Tunisian Poll: Bellwether For Arab Spring This Sunday, Tunisia is holding its first ever, free and democratic election. Tunisia, the first Arab nation to throw off the yoke of dictatorial rule this year, is arguably the most moderate nation in the Arab world, but Islamist candidates are expected to do well.

Tunisian Poll To Provide Bellwether For Arab Spring

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On Sunday, Tunisians go to the polls to choose a constitutional assembly. Eleanor Beardsley tells us that there is pride, confusion and mostly optimism ahead of that country's first free election.

ELEANOR BEARDSLEY, BYLINE: After having basically one choice at the ballot box for the last 50 years, Tunisians now have more than a hundred parties and thousands of candidates to choose from, and they're getting a taste of a real political campaign.


BEARDSLEY: The streets of Tunis pulsate with get-out-the-vote activity. Music blares from the tent of one political party set up on a main avenue. Volunteers like Ibrahim Abasi hand out flyers.

IBRAHIM ABASI: (Through translator) I'm proud that we now have freedom and can say what we want. It's a new era. People are finally breathing now, and we are very optimistic.

BEARDSLEY: On Sunday, Tunisians will elect the members of a 217-seat assembly that will draft a new constitution.


BEARDSLEY: Across town, 27-year-old Omezzine Khelifa campaigns for one of the major parties. She says the stakes for this election are high.

OMEZZINE KHELIFA: To write a constitution that reflects the will of Tunisians to be in a true democracy, first. To preserve all that we've acquired since our independence in terms of women's rights, but also advance and have real equality between men and women, to protect human rights.

BEARDSLEY: Khelifa, like probably half the women in Tunis, does not wear a headscarf. Tunisia is the most moderate and secular Arab nation, and its citizens have always enjoyed more personal freedoms than their neighbors. Islamist parties were persecuted under ousted dictator Zine El Abidine Ben Ali. But now Islamist candidates are expected to do well in Sunday's vote, and many here worry that Islamists may become too influential in Tunisian society.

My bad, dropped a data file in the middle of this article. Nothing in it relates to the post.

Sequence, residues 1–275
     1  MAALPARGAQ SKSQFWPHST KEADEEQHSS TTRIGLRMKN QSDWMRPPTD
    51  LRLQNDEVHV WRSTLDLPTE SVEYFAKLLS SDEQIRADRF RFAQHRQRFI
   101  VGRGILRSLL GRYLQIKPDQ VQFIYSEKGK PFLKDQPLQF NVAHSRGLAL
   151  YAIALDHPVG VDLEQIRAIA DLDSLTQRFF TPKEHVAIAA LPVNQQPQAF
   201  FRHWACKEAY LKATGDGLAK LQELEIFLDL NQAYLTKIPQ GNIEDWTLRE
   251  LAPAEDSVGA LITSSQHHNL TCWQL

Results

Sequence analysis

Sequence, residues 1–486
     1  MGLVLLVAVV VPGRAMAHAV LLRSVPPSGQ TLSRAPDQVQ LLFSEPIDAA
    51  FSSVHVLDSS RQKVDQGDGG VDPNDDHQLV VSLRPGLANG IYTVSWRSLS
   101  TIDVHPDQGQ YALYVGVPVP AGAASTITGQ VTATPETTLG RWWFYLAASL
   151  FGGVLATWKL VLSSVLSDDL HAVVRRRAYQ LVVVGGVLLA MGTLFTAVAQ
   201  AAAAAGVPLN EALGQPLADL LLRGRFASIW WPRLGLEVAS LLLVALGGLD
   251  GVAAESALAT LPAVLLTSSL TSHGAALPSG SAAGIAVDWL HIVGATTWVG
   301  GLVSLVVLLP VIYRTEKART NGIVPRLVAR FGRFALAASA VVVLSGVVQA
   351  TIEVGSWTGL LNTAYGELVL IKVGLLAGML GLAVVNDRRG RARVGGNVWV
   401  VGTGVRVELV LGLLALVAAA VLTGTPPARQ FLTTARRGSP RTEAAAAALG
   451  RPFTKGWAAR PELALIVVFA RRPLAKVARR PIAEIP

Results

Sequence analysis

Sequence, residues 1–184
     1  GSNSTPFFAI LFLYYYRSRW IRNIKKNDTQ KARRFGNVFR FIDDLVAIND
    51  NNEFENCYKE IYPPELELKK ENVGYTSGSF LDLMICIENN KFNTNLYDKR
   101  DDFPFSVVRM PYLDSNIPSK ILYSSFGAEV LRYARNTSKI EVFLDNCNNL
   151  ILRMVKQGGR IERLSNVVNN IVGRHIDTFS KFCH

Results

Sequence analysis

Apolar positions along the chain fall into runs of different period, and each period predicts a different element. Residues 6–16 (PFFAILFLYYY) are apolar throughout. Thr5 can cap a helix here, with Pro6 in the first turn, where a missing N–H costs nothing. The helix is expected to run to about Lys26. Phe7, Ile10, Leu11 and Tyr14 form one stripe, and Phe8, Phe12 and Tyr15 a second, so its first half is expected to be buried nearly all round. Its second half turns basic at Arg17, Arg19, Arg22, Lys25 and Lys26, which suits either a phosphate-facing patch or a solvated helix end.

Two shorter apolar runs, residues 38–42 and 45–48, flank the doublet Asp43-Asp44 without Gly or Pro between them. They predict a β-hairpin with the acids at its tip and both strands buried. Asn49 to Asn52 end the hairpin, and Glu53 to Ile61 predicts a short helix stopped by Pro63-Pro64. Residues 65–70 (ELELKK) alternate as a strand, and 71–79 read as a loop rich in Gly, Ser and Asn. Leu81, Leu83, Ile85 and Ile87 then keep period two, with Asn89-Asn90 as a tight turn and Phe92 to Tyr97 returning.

There is excitement at the headquarters of Ennahda, the main Islamist party. Its leader, Rachid Ghannouchi, returned from a 20-year exile in London and now hopes to lead his party to a majority of seats in the new assembly. Unlike most of the newly founded parties, Ennahda has benefited from an existing grassroots organization. Party member Kamel Harbaoui says many Tunisians identify Ennahda with resistance to Ben Ali.

KAMEL HARBAOUI: They trust us because we are the main party that sacrificed a lot. We got tortured, we got killed, we got, you know, exiled, and we still fight for our people. We got the revolution, and we got our rights back.

BEARDSLEY: Ennahda leaders here have been stressing that the party is moderate and wants to work within a democracy. But many secular Tunisians fear that, once in power, Ennahda would seek to put its Islamist stamp on this tourist-friendly nation by doing things like chipping away at women's rights and banning alcohol.


BEARDSLEY: An online video campaign by secularist parties warns that the Islamists threaten Tunisia's future. Called "The Day After," the videos feature dramatic portrayals of ordinary Tunisians struggling to adjust to life in an Islamist-led country. A shopkeeper laments that the tourists have all stopped coming.


BEARDSLEY: Analysts say the balance in Tunisian society will be preserved if Ennahda does not get more than 30 percent of the vote. The party is particularly popular in the poor, interior of the country, but nobody knows its true level of support. Philosophy professor Mohammed Mahjoub says after decades of dictatorship, Tunisia is about to find out what it is made of.

MOHAMMED MAHJOUB: It's the first time - I mean, in this elections - that we are going to have a true map of the political trends and the political forces in Tunisia.

BEARDSLEY: For NPR News, I'm Eleanor Beardsley in Tunis.

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